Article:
Primarily written by Adrienne, a homeschooling mother of seven, ages 10 and under. She chronicles life, laughs, struggles, and lessons learned as she raises a larger-than-most sized family and tries to figure out what she's doing day by day.
With occasional posts, Alexandra, Adrienne's older sister, writes of her ranch life in Nevada and raising four sons, ages 5 and under. Life is never dull and her boys have given her some pretty awesome stories to tell.
Stick around awhile, and you're sure to laugh, nod, smile, be encouraged, and see what life is like with a big (little) family.
The story of us. Part 5.
Read part one here.
Read part two here.
Read part three here.
Read part four here.
June 21, we celebrated Blaine’s birthday and having made it to the nine month mark. Now it seems funny, but at the time, I was pretty concerned with appearances and did not want questions as to the conception of my child.
June 25, labor began. I was admitted, confirmed to be in labor, and left to progress on my own. After several hours, I was moving along, and then it stopped. The next morning, when given the option to induce labor or go home, I stupidly made the decision to induce and get it over with. The doctor broke my water, began pitocin, and that night, Liberty Skye was born. You can read her birth story here.
And so, another of my plans was altered. A girl? First? Certainly we’d have a boy first. It’s the American Dream, after all. A girl first was not on my radar. I struggled with wanting the perfect life – and this was not what I’d envisioned. More money, peace in my home (and heart) and less struggling were what I thought I deserved. I wasn’t content. I had so much to learn. Apparently, I was one of those. You know, the ones that have to learn the hard way.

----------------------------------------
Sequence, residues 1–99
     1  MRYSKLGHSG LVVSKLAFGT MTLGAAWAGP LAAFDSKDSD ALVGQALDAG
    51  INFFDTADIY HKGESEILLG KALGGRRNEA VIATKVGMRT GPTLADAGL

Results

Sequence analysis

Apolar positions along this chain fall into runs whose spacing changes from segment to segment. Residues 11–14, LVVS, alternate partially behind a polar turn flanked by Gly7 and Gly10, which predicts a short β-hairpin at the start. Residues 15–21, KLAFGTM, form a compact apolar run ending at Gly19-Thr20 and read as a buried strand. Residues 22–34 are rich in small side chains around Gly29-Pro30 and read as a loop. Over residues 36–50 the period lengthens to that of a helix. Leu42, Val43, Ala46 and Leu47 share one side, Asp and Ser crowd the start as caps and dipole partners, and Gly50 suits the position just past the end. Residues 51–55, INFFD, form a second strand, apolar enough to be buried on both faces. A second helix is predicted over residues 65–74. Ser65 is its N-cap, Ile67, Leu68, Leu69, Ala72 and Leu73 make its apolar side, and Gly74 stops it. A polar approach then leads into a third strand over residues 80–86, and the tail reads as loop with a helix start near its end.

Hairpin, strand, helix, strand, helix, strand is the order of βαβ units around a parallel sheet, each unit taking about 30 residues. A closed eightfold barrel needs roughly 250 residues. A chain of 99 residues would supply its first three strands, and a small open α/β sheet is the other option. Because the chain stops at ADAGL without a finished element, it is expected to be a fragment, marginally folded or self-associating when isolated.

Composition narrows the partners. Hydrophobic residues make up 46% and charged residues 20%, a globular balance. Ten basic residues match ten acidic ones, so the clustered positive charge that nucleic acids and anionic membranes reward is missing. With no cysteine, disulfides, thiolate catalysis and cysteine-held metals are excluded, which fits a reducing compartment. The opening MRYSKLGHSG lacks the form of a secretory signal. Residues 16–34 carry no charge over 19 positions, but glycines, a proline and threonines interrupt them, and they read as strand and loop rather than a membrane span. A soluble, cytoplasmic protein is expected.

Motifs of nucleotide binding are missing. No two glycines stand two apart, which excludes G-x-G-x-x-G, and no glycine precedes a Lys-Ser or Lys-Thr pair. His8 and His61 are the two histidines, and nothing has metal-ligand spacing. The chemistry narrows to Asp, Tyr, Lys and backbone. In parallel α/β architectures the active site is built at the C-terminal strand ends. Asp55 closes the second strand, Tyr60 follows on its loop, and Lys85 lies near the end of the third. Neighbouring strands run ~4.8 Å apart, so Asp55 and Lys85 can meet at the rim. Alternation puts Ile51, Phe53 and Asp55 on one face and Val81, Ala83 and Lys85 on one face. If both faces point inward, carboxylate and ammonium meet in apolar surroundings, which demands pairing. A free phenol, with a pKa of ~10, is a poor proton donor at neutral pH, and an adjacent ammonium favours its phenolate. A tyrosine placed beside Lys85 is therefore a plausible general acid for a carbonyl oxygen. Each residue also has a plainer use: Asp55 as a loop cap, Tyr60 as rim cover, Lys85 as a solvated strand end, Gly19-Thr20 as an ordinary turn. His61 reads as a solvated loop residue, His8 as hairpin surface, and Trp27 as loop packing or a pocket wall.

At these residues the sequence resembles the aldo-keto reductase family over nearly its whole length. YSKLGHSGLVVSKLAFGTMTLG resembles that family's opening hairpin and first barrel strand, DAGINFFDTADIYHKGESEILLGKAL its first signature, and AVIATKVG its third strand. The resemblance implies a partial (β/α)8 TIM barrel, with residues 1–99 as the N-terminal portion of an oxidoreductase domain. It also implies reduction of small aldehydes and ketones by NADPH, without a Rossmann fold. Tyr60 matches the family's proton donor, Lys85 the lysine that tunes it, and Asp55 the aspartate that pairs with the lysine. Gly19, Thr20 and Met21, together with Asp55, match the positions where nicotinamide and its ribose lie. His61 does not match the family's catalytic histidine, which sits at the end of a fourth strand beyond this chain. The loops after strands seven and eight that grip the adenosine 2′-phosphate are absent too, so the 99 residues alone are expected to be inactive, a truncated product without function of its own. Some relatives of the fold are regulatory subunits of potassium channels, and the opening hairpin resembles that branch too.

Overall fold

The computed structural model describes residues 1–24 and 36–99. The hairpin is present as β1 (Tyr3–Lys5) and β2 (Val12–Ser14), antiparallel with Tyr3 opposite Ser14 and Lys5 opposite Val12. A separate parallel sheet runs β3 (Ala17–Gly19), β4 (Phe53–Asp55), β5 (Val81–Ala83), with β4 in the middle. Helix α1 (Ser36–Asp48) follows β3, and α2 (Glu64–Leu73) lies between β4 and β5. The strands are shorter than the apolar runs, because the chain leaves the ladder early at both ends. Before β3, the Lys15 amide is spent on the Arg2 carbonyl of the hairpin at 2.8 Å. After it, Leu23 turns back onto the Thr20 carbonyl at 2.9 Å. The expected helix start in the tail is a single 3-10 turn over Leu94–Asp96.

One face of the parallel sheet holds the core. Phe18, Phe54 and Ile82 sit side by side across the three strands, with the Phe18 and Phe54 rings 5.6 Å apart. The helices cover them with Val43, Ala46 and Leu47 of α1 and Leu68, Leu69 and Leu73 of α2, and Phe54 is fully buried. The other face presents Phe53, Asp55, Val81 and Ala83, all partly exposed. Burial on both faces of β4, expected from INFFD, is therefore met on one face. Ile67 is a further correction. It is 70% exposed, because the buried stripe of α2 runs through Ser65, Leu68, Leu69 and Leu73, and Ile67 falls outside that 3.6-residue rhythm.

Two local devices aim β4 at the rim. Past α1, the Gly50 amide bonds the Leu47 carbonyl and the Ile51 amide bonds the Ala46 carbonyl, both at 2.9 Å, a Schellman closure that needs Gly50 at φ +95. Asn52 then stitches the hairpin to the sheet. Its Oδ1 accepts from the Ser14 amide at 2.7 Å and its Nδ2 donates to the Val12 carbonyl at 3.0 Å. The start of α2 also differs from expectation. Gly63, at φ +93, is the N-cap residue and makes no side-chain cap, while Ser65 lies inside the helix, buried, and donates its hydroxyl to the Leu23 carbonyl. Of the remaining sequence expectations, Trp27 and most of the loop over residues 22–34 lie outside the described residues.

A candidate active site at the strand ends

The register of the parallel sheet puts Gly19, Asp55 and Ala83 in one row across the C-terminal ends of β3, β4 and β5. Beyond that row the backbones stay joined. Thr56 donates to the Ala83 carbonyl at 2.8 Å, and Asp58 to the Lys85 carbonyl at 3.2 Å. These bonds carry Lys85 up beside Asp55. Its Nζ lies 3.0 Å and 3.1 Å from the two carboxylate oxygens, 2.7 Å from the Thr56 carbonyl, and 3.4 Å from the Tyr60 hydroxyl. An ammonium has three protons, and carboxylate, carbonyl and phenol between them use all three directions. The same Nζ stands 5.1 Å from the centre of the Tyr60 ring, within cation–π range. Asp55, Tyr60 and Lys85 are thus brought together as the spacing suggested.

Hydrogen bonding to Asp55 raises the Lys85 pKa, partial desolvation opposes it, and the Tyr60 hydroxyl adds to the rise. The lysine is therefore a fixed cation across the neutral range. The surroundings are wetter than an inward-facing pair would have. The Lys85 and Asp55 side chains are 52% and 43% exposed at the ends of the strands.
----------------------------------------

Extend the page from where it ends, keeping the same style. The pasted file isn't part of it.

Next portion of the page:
We settled into life with our first child. We moved from our apartment to a rented old farmhouse, where we burned wood for heat, got a Great Pyrenees dog who drove me nuts, and we worked towards buying our first home. Choosing not to heat the whole (big) house, Liberty’s bedroom sat empty and her crib hung out in the kitchen, closer to the wood stove. Flies and box elder bugs were abundant, and some unknown creature chewed on the floor boards from the dirt crawlspace. The pipes froze when it got really cold, and paint flaked off the living room walls and fluttered to the floor on a regular basis. God was working on me and this whole contentment thing.
Our marriage was rough. Blaine changed jobs, we’d been married a year by that point, and had a new, very crabby child who screamed day and night for the first five months of her life. I knew something was wrong, but the pediatrician kept saying it was normal. Finally, after many sleepless nights and at my wit’s end, I took her into the doctor’s office again, handed her to the doctor, and told him to figure out why she wouldn’t stop crying.